More than 9,200 health care workers have been infected with Covid-19, the US Centers for Disease Control and Prevention has found in its first look at the issue.
The number is likely an underestimate, since most reports of coronavirus cases don't include whether the person worked in healthcare.
"This national surveillance article spotlights the large number of healthcare personnel already infected with Covid-19," said Dr. Anne Schuchat, principal deputy director of the CDC. "I think we've all learned this virus was a greater threat than we had thought."
She added that the virus spreads more quickly than was expected, especially since doctors did not at first realize the extent to which people could be infected without showing symptoms.
"The role that asymptomatic infection played was not appreciated initially," she said. "I think this virus spread more rapidly and more furtively than we may have understood initially."
The CDC reviewed data submitted from all 50 states from February 12 - April 9 and found 315,531 laboratory confirmed cases of Covid-19.
Of those cases, 9,282 were clearly identified as health care workers. That is likely an underestimate for two reasons.
One, the CDC estimate of total cases might be low. According to the Johns Hopkins Coronavirus Resource Center, 460,000 people in the US were infected during the CDC's timeframe, considerably higher than the CDC's estimate of 315,531.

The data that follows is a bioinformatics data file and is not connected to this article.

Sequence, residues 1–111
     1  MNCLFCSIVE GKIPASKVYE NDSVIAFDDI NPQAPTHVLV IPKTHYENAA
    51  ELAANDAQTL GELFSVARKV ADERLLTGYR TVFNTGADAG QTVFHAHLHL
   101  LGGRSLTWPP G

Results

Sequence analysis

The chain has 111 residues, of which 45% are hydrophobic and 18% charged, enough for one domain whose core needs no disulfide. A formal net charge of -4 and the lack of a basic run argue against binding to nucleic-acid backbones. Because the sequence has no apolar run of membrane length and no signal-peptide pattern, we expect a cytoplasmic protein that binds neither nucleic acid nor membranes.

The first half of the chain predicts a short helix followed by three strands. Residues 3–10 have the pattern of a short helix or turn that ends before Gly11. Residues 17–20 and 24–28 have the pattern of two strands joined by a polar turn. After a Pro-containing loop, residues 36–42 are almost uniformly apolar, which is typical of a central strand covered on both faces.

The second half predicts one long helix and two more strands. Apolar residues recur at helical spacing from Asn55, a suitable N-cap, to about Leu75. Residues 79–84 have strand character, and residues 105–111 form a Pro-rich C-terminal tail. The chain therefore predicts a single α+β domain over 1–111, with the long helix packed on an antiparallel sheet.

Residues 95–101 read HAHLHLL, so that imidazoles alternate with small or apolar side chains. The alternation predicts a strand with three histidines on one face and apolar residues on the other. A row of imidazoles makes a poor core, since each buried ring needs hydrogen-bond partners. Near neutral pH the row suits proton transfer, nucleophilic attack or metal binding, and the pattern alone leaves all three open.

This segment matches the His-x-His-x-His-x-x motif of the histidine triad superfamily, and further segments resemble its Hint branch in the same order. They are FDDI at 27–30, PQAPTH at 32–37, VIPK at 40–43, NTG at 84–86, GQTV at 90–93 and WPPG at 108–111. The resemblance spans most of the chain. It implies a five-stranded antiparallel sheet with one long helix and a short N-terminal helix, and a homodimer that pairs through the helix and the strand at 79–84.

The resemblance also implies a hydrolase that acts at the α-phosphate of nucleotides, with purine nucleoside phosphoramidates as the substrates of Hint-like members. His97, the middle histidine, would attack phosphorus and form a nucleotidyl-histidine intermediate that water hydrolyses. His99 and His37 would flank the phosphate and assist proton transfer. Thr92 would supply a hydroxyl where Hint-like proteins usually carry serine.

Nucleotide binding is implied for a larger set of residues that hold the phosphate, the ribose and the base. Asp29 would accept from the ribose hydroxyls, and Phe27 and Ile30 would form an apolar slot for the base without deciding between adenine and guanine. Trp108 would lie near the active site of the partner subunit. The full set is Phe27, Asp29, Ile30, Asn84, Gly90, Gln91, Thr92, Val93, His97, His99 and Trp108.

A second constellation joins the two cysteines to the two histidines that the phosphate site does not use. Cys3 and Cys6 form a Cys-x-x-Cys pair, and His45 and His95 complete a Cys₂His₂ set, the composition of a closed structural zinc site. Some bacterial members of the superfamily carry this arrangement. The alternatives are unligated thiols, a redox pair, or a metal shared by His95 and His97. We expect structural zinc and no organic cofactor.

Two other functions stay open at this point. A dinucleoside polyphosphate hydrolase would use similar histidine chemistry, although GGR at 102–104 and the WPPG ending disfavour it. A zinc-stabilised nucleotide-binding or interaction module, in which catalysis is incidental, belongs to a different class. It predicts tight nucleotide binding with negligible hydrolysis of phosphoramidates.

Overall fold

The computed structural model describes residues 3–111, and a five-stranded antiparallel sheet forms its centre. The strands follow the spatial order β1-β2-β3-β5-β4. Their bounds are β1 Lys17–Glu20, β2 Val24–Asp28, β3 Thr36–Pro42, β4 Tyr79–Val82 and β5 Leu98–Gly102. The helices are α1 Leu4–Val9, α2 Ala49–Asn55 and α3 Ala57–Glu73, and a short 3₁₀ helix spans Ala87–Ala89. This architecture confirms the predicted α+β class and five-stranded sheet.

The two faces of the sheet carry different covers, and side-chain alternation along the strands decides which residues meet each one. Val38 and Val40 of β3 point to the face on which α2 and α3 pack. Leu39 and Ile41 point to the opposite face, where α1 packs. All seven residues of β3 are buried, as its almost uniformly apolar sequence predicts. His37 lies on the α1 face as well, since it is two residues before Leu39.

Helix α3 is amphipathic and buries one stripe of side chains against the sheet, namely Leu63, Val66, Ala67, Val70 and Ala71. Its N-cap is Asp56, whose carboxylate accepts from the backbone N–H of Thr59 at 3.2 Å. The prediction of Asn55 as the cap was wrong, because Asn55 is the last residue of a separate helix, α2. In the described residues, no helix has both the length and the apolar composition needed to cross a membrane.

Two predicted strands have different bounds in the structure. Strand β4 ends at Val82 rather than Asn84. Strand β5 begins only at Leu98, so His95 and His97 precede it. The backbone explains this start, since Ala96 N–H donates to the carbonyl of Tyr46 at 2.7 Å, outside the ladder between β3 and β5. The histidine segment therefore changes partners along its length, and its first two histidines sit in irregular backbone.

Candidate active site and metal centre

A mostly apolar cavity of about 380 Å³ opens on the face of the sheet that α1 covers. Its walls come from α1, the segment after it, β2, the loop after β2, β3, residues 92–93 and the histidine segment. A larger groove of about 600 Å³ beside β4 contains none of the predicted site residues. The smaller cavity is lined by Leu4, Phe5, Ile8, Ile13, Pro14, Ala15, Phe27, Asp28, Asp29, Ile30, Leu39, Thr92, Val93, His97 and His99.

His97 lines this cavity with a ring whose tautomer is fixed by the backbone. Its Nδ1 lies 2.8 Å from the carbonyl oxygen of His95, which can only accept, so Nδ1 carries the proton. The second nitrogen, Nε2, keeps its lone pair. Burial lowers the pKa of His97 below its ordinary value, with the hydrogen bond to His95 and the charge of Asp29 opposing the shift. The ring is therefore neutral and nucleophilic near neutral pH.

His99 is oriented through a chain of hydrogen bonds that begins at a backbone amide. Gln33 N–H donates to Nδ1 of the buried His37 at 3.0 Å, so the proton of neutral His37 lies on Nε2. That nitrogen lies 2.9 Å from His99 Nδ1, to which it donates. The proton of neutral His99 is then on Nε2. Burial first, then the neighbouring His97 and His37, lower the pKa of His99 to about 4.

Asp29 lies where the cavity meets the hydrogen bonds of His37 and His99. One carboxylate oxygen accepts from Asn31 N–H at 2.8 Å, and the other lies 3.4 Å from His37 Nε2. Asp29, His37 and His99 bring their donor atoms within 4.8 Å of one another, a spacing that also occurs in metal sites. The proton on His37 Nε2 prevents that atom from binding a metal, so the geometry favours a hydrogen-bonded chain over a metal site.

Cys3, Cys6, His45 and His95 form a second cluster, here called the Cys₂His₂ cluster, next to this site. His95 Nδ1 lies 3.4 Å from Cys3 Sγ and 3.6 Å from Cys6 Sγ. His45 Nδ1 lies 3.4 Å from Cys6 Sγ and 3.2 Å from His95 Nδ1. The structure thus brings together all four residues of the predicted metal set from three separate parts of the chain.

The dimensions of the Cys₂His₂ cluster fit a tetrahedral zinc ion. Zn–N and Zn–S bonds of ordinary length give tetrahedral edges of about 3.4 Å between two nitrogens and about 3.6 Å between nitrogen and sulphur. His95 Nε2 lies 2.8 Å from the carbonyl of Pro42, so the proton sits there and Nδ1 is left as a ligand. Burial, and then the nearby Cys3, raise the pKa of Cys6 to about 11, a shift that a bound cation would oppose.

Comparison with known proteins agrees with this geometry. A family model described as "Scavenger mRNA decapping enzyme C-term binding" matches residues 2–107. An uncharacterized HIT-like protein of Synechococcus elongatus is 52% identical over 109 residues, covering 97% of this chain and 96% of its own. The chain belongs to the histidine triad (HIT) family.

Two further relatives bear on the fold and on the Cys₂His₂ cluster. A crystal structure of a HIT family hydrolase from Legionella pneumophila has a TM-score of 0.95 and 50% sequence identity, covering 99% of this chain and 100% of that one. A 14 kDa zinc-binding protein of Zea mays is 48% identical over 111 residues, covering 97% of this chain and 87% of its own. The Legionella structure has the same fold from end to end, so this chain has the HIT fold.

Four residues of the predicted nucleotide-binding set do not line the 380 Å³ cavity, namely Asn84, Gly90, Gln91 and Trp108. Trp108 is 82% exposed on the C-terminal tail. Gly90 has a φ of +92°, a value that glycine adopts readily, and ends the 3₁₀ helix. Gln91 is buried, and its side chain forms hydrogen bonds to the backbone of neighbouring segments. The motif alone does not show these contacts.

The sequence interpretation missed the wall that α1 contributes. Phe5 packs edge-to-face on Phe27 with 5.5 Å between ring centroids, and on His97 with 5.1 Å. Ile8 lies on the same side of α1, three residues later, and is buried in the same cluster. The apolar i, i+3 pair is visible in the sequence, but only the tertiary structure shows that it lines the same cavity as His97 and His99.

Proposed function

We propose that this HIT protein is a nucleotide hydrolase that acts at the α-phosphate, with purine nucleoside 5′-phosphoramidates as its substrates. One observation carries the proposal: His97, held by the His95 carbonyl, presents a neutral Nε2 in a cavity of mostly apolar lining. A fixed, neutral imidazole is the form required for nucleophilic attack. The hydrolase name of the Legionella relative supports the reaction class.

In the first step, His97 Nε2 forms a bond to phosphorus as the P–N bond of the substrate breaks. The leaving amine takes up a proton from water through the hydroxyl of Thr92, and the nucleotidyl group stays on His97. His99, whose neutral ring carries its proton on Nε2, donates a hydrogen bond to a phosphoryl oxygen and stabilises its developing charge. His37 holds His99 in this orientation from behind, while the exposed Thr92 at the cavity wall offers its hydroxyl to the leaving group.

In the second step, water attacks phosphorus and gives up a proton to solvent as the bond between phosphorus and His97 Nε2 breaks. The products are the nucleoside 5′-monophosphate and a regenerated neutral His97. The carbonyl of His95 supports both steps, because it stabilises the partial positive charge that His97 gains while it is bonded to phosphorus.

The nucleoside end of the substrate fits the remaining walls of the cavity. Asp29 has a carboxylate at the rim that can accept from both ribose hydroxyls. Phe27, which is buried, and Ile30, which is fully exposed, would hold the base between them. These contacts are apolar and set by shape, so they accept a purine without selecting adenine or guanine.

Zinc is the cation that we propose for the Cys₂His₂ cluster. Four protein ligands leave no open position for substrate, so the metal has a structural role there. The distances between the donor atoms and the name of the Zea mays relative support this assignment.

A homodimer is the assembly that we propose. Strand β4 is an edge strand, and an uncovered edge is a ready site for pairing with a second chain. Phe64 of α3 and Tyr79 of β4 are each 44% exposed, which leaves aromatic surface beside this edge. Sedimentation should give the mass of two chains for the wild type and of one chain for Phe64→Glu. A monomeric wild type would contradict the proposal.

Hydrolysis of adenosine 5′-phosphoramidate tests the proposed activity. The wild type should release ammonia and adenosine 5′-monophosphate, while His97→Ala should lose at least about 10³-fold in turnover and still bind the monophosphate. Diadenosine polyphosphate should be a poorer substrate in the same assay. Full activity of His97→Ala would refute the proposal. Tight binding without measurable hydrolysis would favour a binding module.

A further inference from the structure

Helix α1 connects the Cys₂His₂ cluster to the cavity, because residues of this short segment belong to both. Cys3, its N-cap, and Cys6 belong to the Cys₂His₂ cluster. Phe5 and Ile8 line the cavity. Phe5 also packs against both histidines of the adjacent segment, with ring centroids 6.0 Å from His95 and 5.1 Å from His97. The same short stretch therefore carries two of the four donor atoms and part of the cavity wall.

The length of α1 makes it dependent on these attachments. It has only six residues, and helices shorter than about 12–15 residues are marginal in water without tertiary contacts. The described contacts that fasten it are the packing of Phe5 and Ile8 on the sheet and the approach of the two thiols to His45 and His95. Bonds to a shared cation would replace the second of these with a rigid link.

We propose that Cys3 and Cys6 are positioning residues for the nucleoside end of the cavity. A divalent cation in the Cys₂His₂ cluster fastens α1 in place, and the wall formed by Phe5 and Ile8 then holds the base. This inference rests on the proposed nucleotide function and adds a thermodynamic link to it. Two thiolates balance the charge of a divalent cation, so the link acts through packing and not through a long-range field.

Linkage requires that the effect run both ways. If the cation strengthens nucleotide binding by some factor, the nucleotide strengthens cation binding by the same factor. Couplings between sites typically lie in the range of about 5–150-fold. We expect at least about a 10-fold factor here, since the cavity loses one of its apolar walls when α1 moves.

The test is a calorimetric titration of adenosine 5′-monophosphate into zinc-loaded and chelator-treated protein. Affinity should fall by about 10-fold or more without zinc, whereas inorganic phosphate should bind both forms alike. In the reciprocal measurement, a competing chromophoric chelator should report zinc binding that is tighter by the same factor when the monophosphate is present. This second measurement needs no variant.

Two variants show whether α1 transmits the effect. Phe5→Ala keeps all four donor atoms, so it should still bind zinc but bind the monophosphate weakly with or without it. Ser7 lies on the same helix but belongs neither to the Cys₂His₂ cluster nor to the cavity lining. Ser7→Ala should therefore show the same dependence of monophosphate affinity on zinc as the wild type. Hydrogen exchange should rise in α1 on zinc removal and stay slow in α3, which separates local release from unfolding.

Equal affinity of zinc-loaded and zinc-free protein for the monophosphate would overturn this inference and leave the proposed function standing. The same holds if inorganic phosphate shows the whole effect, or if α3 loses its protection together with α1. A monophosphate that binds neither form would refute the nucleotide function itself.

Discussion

Two, more than 80% of the CDC records didn't indicate whether the person was a health care worker.
In the report, only 3% of reported cases nationally were among healthcare workers. The authors note that in states with more complete accounting for whether the case was a healthcare worker, healthcare workers accounted for 11% of cases.
Some of the healthcare workers became infected at work, and others at home or out in the community.
According to the report, 55% reported having contact with a Covid-19 patient in the healthcare setting within the 14 days before becoming ill, 27% had contact with someone who had coronavirus at home and 13% had contact in the community. The remaining 5% had contact in more than one place.
Among the healthcare workers who had coronavirus, 90% were not hospitalized. Still, there were 184 admissions to the intensive care unit and 27 died.
Schuchat added that it was important to focus on making sure that health care workers have the protective equipment they need, and that workers need to remain vigilant.
"As fatigue sets in and as new folks enter pool of workers, we really need to reinforce how important infection control is to protect the workers and protect the patients," she said.